A couple of days after the Champions Trophy 2017 came to a successful close with the final generating the maximum number of TV views in the history of the game, the ICC is considering discontinuing the tournament. Cricbuzz had earlier reported that the future of the tournament was on tenterhooks.
This is not the first time talks of doing away with the multi-team tournament, which continues to be the second biggest 50-over event after the World Cup, have started doing rounds. In place of the Champions Trophy, the ICC is mulling the idea of holding two World T20 tournaments in a four-year cycle. ICC CEO David Richardson said that the body was trying to capitalise on the popularity of the T20Is.
“It’s always been quite difficult to distinguish or differentiate between the two 50-over global events. With the World Cup becoming a ten-team event, it’s almost like the World Cup is becoming more like the Champions Trophy, which I think is a good thing,” Richardson said.
“I think it (World Cup) will still be a longer event. The World Cup format will allow the best chance for the best four teams to get into the semifinals. So it takes away the risk of maybe a rain-affected game or one poor game having a huge impact on the tournament like it can be in this tournament (Champions Trophy).
“And then, whether the Champions Trophy in 2021 stays a Champions Trophy, or we move to two World T20s – that still needs to be discussed and settled. It’s a possibility, yes. I wouldn’t say it is categorically going to happen because, as we’ve seen, the Champions Trophy on its own is a very good event and very well-supported, particularly in the UK, where you get support for all teams. So let’s not be too hasty in writing it off, but to be honest and frank, there is consideration for moving towards two World T20s in a four-year cycle.”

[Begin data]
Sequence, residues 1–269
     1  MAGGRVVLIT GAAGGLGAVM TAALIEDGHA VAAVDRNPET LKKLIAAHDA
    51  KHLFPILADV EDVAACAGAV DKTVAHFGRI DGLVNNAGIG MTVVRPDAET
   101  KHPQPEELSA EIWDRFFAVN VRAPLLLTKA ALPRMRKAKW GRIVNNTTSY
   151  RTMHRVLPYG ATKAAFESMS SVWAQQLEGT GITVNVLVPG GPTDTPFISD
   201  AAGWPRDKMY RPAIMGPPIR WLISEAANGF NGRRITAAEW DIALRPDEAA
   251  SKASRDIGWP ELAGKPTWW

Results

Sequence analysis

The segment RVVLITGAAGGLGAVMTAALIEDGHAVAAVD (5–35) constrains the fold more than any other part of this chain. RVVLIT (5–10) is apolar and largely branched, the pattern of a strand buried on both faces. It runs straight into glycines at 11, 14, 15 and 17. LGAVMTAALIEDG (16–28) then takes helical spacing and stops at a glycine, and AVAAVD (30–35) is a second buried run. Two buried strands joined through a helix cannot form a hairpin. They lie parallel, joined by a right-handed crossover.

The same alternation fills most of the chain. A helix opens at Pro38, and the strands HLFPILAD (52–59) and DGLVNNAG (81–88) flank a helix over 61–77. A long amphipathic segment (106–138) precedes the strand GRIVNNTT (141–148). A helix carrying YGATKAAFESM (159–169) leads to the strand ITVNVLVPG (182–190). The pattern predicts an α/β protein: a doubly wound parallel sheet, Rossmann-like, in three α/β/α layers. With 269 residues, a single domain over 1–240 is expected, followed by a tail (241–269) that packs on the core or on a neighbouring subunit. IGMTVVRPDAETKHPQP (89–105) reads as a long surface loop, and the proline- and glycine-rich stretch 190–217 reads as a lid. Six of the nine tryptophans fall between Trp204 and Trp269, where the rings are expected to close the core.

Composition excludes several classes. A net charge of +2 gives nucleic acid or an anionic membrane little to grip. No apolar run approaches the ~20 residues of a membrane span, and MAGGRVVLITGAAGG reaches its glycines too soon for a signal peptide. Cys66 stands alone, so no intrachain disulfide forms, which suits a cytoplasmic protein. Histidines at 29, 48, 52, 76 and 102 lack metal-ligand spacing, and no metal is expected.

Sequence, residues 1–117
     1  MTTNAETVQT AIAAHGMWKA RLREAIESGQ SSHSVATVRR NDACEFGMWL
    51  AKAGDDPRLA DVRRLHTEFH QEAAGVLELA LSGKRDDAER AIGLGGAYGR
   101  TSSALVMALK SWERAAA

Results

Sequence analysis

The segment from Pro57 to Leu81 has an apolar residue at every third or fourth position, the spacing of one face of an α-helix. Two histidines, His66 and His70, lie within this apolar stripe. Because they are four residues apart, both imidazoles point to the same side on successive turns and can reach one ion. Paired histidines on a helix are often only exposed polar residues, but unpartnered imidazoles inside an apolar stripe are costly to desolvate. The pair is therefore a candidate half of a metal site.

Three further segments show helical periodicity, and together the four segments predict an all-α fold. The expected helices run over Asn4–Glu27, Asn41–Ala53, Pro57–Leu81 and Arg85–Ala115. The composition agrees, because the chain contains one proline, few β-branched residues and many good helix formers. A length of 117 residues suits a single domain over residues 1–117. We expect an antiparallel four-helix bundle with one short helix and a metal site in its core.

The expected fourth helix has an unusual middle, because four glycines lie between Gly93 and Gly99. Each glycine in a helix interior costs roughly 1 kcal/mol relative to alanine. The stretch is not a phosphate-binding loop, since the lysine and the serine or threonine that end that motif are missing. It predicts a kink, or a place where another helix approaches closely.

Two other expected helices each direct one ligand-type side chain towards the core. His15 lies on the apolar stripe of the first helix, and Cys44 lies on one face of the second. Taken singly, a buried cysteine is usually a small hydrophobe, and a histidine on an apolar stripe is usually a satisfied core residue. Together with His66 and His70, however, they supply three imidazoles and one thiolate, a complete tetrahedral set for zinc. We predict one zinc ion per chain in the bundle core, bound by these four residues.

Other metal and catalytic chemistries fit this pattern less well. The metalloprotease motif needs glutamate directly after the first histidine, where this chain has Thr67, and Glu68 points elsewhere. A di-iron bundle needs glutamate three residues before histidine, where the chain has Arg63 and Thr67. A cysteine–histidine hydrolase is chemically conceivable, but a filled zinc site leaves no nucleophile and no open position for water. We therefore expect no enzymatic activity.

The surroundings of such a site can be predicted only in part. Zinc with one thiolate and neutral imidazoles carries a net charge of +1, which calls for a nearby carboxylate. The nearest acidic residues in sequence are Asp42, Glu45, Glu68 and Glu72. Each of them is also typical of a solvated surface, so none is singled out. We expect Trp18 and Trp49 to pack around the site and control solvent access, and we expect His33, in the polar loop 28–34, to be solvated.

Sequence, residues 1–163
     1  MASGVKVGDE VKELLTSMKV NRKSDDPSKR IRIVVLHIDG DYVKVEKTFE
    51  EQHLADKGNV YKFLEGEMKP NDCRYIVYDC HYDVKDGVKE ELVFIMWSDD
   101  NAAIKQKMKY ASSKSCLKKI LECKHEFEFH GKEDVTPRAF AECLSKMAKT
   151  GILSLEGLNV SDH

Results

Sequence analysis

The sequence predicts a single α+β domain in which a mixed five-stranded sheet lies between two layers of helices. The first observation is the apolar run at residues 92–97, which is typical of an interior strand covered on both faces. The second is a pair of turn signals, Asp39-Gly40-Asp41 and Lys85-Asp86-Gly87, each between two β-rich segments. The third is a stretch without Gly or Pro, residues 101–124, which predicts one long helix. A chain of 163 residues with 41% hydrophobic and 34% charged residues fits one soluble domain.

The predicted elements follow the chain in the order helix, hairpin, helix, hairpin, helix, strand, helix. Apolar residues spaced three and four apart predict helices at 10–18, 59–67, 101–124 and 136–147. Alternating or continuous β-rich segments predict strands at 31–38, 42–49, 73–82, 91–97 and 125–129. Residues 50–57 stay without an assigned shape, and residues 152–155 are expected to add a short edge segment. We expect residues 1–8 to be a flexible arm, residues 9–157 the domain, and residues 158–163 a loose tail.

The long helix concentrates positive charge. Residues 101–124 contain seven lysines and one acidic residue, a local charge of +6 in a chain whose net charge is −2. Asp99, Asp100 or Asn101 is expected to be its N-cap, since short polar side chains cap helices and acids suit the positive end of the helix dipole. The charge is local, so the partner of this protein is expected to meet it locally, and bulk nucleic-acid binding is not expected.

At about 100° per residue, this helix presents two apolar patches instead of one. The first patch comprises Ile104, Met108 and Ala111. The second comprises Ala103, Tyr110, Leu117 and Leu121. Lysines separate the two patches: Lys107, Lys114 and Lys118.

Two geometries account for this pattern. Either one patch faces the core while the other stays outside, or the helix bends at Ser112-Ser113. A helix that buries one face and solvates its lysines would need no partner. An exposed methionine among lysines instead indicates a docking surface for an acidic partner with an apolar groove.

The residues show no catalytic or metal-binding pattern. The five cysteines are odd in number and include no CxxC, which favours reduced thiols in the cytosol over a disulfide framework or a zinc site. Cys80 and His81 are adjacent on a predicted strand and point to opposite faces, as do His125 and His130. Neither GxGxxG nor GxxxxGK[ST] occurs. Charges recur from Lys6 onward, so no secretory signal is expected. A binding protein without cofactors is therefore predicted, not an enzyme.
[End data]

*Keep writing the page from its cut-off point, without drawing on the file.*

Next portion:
The move to have two World T20Is is seen as a step to please the Associate Nations, some of which were critical of the ICC’s decision to make the 50-over World Cup a 10-team event. “Having two World T20s in a four-year cycle gives us an opportunity to globalise the game to a great extent, open the tournament to more teams – 16 or maybe even in a longer term to 20 teams,” Richardson said. “It’s easier to be competitive in that format, and thus easier to accommodate more teams.”
There’s also a discussion on having a two-year Test league with a 9-3 format, where top 9 teams will compete against each other and three bottom-ranked teams. Earlier in 2012 when there was a consensus on 2013 being the last edition of the Champions Trophy, the ICC had decided to introduce a World Championship. However, with the 2013 edition being a huge success commercially, the World Test Championship could never turn into a reality and the ICC went ahead with another edition of the Champions Trophy.
“Overall, very satisfied with the Champions Trophy (2017). Across all aspects of the event, really, from the enthusiasm of the volunteers – cricketeers, as they were called – to the broadcaster viewership, the digital content that we put out, umpiring, player behaviour, pitches … everything went well. The cricket has been great. It shows that if you’ve got context and competitive teams, you will have a great event.”